So I agree with RafaelCorrales, put this down in Marketing. And thanks Jeff and all of you investors that blog!
Thanks, Jordan. I did read your post and enjoyed it (and appreciate the shout out for both Flybridge and our NYC efforts, such as First Growth Venture Network, 10gen, etc.)
Your words about creative expression, and pushing your own thinking by forcing yourself to articulate thoughts ring very true to me, but I think this post does not address a primary motivation of most vc bloggers which is it’s use as an enterprise tool…blogging, when done correctly is an extremely scalable tool to 1) establish credibility/intelligence relative to competition, 2) build proprietary deal flow, 3)establish a voice/presence in geographic markets where you do not physically exist (i.e. nyc for flybridge), and 4) recruit and maintain a pool of talent within your online community that establishes your firm as a center of entrepreneurial activity (brand advertising). I wrote a blog post a few weeks ago about venture capitalist’s implementing this strategy in the New York market that you might find interesting: http://bit.ly/sgii3
TypePad HTML Email
Thanks for the kind words, Brad, you’re
definitely one of the industry’s inspirations on this front and, yes, I was
probably being gentle in terms of describing the nature of the VC feedback/ridicule!
Your comment about other VCs reactions to you when you started blogging rings very true. You were treated nicely (or you were just being nice) – I would have said something like “when I first started blogging, I was mocked by a bunch of other VCs – both to my face and behind my back (the harshest of which got to me.) I was amused by this, and even more amused when some of these folks subsequently started blogging several years later. And then I got another chance to be amused when they stopped after a few posts.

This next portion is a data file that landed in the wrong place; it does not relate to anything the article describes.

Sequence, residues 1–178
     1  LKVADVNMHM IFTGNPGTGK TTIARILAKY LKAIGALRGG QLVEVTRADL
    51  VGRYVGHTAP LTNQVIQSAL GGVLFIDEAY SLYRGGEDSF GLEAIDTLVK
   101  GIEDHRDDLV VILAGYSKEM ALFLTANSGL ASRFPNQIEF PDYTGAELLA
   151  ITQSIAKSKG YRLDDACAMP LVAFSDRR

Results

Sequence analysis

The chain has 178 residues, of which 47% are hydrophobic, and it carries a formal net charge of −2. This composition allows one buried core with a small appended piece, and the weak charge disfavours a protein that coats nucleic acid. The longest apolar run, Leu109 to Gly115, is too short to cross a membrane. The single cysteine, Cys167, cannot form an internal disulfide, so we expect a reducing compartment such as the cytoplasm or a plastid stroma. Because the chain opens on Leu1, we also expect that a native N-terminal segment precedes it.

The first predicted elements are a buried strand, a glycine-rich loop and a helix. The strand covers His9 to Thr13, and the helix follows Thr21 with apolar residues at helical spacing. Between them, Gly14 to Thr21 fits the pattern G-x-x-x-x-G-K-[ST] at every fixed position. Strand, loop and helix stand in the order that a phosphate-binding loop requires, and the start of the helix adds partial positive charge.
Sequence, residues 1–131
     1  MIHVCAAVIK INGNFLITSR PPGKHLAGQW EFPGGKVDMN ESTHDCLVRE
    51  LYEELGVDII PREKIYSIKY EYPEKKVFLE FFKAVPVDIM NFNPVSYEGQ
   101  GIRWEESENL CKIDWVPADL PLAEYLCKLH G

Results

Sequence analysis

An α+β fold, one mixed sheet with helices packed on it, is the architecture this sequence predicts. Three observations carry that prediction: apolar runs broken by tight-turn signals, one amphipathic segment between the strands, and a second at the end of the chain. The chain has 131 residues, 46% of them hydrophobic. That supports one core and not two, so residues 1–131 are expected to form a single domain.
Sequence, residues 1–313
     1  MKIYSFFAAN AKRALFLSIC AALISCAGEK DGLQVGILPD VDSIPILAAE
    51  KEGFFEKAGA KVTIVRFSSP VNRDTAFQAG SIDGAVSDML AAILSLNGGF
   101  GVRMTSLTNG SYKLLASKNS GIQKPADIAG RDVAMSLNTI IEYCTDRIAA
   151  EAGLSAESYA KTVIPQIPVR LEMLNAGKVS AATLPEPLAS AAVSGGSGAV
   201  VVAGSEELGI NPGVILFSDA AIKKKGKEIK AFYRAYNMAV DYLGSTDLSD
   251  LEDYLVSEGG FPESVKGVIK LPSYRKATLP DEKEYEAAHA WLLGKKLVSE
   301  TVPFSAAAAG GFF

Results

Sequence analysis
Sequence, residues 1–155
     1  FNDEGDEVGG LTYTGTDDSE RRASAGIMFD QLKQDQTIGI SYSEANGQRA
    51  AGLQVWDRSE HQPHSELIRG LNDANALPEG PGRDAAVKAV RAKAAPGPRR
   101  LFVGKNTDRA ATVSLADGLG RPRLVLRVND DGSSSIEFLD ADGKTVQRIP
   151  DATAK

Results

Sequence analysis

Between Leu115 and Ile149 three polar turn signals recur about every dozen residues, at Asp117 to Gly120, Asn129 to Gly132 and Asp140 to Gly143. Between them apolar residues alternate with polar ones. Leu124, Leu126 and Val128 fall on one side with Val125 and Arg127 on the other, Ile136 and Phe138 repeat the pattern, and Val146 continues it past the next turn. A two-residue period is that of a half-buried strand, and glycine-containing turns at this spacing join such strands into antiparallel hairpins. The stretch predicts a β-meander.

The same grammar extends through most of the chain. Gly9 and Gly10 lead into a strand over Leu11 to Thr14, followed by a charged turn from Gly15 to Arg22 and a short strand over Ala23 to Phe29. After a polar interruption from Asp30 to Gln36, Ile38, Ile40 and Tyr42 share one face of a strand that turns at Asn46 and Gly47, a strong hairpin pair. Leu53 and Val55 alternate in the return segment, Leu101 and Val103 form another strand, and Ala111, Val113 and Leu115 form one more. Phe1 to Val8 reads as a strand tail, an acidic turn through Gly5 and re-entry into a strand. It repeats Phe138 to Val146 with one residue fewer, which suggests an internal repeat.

Your four reasons for blogging are dynamite. I love your writing and am excited about both your short form work (e.g. the blog) and longer form work (your upcoming book). It’s a great overall contribution to entrepreneurship in general and – well – keep it up!
Thanks for adding this, David. Tom Eisenmann's link is teriffic.
Good point, Rafael. I can't tell you whether the "marketing" has impacted my investing (eg, I haven't yet invested in an entrepreneur I met blindly through the blog) but the best entrepreneurs have choices and if my transparency and accessibility helps the best entrepreneurs get to know me, all the better. There's nothing that can replace face to face relationship-building though.
I launched a company in 1999 and 2009 and not only have the physical tools to launch a company come down, but as you note, the informational tools have come down tremendously due to VCs like yourself, Fred Wilson, a well as others.
I would also note having former and current entrepreneurs, such as Steve Blank (he also has his wonderful book), Eric Ries, Sean Ellis, Chris Dixon, etc. blogging as well only adds to the rich and free information out there for entrepreneurs. Now there’s no excuse for not taking a deck slide to successful exit or IPO ; ) If an entrepreneur read all the links here – http://bit.ly/6L0Rho – there really would be no excuse.
Great post. I’d say point 5 is “Marketing”. Just from reading the blogs of VC’s, I’ve gotten a better “feel” for what each of you stands for and how each of you thinks. It’s a great way to sell yourselves, your value-add, and your firm in general.
So while you and I have met in person, and your blog is great, it’s also wonderful to read blogs of VC’s like Fred Wilson and Mark Suster. They have a big advantage over VC’s that don’t blog, because many entrepreneurs like me already “get to know” VC’s that we haven’t met in person yet.